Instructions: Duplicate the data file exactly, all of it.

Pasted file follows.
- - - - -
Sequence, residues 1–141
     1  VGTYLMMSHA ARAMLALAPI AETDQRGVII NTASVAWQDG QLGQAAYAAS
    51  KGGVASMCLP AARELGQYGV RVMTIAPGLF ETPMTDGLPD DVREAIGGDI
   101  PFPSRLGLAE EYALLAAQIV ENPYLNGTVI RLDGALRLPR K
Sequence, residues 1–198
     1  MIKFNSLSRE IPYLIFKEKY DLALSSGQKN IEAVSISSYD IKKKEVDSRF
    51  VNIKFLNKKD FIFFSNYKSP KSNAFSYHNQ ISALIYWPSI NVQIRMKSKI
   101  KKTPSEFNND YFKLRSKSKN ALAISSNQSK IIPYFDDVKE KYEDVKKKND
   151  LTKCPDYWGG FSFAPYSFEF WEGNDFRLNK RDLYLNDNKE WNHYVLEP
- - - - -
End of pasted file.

Sequence, residues 1–141
     1  VGTYLMMSHA ARAMLALAPI AETDQRGVII NTASVAWQDG QLGQAAYAAS
    51  KGGVASMCLP AARELGQYGV RVMTIAPGLF ETPMTDGLPD DVREAIGGDI
   101  PFPSRLGLAE EYALLAAQIV ENPYLNGTVI RLDGALRLPR K
Sequence, residues 1–198
     1  MIKFNSLSRE IPYLIFKEKY DLALSSGQKN IEAVSISSYD IKKKEVDSRF
    51  VNIKFLNKKD FIFFSNYKSP KSNAFSYHNQ ISALIYWPSI NVQIRMKSKI
   101  KKTPSEFNND YFKLRSKSKN ALAISSNQSK IIPYFDDVKE KYEDVKKKND
   151  LTKCPDYWGG FSFAPYSFEF WEGNDFRLNK RDLYLNDNKE WNHYVLEP